Thursday, May 5, 2022

The CMG Concert Calendar: May 2022

I'm a few days late here -- I think the month of April is designed to kill the human race. No one I know had an easy, relaxing month, myself included. I made it to maybe half of the concerts I wrote up. Averaged maybe one a week in the latter half of the month?

Anyway, I'm in the process of bouncing back. Stress levels are still high, and convincing myself to leave the house is getting harder, especially as a current work-from-home-er.


May 2, 6, 10, 14mat, 17, 21mat (cont. from April) | Met Opera House | $30 and up
see last month

May 13, 18, 21, 26, 31 (into June) | Met Opera House | $30 and up
Several exciting debuts in this one. Hamlet is tenor Allan Clayton, whose recent Peter Grimes in London received rave reviews. Countertenors Aryeh Nussbaum Cohen and Christopher Lowrey (both one-time Met competition winners) debut opposite each other as Rosencrantz and Guildenstern. South African baritone (and once boy soprano) Jacques Imbrailo plays Horatio. It's even composer Brett Dean's first Met rodeo. This is going to be a powerhouse performance.

May 19, 22mat, 25, 28mat (cont. from March) | Met Opera House | $30 and up
Instead of going to the 2019 Harvard-Yale football game (the last before COVID), I decided to fly home a day early. My flight was late enough to catch the first two acts of Met's Akhnaten simulcast, but I had to leave before Act III. I still don't know how it ends. He dies, I think? This is one that you want to watch from the nosebleeds, it's about the composite spectacle -- glow-in-the-dark juggling, 40-pound costumes, nude scene and all.

May 30 (into June, only four performances!) | Met Opera House | $30 and up
I will never turn down an opportunity to see Golda Schultz, especially after her stunning Contessa Almaviva in January's Figaro run. And she heads a cast that will make my first Rake's Progress a memorable one. Ben Bliss supposedly lives up to his name (I bet I'm the first to make that joke), Raehann Bryce-Davis will make her awaited debut, and Christian Van Horn's dry humor stole January 2019's Wozzeck. At least, I think dry humor is right for Van Horn's character, Nick Shadow, but I'm basing that only on a Twitter parody account.


April 29-May 1 | 8 venues in Downtown Brooklyn | days from $95, full festival $195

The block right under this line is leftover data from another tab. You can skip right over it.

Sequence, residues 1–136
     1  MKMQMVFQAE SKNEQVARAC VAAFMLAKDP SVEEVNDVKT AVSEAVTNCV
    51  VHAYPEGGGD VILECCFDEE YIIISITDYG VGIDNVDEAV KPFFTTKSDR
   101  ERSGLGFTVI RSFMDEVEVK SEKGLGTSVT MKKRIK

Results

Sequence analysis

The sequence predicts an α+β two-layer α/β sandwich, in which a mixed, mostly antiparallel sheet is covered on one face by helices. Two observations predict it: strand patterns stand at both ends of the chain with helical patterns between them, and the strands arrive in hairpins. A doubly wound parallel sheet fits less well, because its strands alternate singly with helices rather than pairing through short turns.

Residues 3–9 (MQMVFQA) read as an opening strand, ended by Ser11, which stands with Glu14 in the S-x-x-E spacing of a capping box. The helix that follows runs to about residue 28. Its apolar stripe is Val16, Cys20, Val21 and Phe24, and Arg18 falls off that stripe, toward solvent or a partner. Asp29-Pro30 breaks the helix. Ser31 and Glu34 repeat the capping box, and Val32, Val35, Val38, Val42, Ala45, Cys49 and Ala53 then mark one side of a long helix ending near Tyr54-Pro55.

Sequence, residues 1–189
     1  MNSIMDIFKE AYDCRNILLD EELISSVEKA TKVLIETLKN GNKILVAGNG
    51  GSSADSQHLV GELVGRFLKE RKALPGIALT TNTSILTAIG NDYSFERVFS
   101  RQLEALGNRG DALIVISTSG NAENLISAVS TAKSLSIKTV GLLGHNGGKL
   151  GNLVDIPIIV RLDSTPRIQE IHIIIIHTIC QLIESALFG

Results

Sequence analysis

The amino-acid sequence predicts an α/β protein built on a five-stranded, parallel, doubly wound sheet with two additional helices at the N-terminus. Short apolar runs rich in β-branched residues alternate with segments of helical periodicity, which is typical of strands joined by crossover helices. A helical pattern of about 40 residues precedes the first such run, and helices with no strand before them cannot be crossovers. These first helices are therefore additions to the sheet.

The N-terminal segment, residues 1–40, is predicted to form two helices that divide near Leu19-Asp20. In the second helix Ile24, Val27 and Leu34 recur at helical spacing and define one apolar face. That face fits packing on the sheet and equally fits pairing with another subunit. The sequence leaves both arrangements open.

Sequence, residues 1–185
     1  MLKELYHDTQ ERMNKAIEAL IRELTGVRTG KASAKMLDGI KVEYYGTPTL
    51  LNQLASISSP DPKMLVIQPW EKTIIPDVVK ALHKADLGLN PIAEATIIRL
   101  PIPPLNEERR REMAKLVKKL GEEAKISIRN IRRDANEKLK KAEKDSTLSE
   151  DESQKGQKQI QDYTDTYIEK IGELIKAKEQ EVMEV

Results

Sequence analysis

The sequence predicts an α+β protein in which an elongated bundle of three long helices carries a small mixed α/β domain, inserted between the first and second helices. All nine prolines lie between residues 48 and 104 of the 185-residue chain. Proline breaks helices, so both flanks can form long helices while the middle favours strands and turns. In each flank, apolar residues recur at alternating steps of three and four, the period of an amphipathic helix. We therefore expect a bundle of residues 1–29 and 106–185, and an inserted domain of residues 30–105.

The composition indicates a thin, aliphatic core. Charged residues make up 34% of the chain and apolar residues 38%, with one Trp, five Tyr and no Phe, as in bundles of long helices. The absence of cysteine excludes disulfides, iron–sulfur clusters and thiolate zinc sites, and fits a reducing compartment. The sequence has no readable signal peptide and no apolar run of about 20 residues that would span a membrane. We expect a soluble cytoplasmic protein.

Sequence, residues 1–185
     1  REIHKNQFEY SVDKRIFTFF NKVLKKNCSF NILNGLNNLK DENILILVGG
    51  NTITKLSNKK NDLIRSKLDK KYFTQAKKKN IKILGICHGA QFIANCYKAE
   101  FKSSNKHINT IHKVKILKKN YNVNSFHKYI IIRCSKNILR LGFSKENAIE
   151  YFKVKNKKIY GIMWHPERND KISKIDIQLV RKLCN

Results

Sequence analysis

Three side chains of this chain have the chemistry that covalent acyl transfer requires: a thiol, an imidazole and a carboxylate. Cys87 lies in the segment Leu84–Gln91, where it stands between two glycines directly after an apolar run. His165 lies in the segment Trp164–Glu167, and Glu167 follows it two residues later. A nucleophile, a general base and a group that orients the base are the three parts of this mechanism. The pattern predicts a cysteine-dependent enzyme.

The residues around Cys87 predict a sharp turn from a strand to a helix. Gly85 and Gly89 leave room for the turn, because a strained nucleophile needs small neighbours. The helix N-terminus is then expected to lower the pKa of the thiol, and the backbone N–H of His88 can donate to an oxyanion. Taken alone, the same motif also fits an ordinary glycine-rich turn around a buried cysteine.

see last month -- or wait for my review in Which Sinfonia!

May 13-14 | The Jazz Gallery | $25 and up
Last week, I stepped foot in the cesspit that is the Village Vanguard for the first time since 2019. In hindsight, not a great decision health-wise, but the set was fabulous: a drummer named Johnathan Blake and his new-ish quintet, Pentad. Vibraphonist Joel Ross was one of the clear stars, although Blake's approach crosses boundaries far less than Ross's, which usually fuses elements of hip-hop and other genres. I'm excited to see Ross lead a band in his own music.

May 20-21 | Roulette Intermedium | $40 online, $45 doors
I did not get to see Henry Threadgill at The Jazz Gallery a few months ago. But the same point stands: I learned about this man in my jazz history classes, and he's almost 80. Jazz was only invented a century ago, so now is the time to see the pioneers before they, uh, go the way of the dodo.


May 5 | Alice Tully Hall | $20
This already happened, but it was really lovely! Copland's In The Beginning is a nifty little piece that sounds difficult as all hell. And of all the Haydn masses, the Creation mass is definitely one of them!

May 6 | 92nd Street Y | $20 and up
The Dovers might be the best quartet in the country right now. They're here in NYC at least once a year, so I'm not going to this performance. But if you're in the area with nothing to do, you will never go wrong with a Dover evening. (I reviewed them most recently in October 2019, but I don't remember what I said. Let's find out!)

May 6 | Carnegie Hall (Stern) | $34.50 and up
I turned down the opportunity to see Igor Levit in recital due to Omicron, and I was hell-bent on seeing him this time. But alas, I'm skipping this concert for a very good reason (see immediately below). But you shouldn't. There are things I'd rather see Levit play than Brahms, like the Shostakovich preludes and fugues he's bringing to Carnegie next year. But Brahms is never a bad choice, nor is the Bartok Concerto for Orchestra.

May 6 | Carnegie Hall (Zankel) | $38 and up